For the IAM role, I'll let the console create one for me - this is whats generated automatically for you

{
    "Version": "2012-10-17",
    "Statement": [
        {
            "Action": [
                "s3:Get*",
                "s3:ListBucket"
            ],
            "Effect": "Allow",
            "Resource": [
                "arn:aws:s3:::gotothat.link",
                "arn:aws:s3:::gotothat.link/*"
            ]
        },
        {
            "Action": [
                "s3:ReplicateObject",
                "s3:ReplicateDelete",
                "s3:ReplicateTags",
                "s3:GetObjectVersionTagging"
            ],
            "Effect": "Allow",
            "Resource": "arn:aws:s3:::gotothat.link-west-1/*"
        }
    ]
}

Once you click Save, you should see this panel appear now when you're on the Management page of your S3 bucket.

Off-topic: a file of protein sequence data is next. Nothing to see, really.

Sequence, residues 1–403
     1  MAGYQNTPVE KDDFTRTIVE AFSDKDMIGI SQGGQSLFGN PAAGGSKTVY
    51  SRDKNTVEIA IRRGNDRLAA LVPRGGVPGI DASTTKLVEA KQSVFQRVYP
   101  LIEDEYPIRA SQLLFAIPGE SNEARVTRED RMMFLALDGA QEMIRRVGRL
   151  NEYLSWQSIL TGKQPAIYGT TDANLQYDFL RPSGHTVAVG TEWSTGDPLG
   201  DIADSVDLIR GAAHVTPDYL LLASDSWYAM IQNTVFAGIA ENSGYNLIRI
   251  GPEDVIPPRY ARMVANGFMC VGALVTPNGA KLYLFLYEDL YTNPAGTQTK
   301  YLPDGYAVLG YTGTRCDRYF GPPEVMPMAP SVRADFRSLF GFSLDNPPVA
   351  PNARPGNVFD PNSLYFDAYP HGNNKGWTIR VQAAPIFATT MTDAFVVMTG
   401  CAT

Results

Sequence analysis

S3 management console - replication settings page

Step 2: Replicate data

Replication is now enabled. But we're not quite done.

When you enable replication, any objects created/modified from that point forward are then replicated to your target bucket. Any existing objects are NOT automatically transferred over - you have to do a one-time sync when you first set it up.

If all you have in your bucket is your website files and nothing else, then you can do an aws s3 sync s3://source.bucket s3://target.bucket to import all your existing objects. Depending on how much is in there, it can take awhile.

If you have some objects in your source S3 bucket that require you use the Website-Redirect-Location metadata (this is needed if you want to serve redirects out of your domain like this):

  • You cannot do a sync with the replicated bucket using something like aws s3 sync s3://my-bucket-name s3://my-bucket-name-us-west-1. While the sync may succeed, your redirects will not. This is annoying.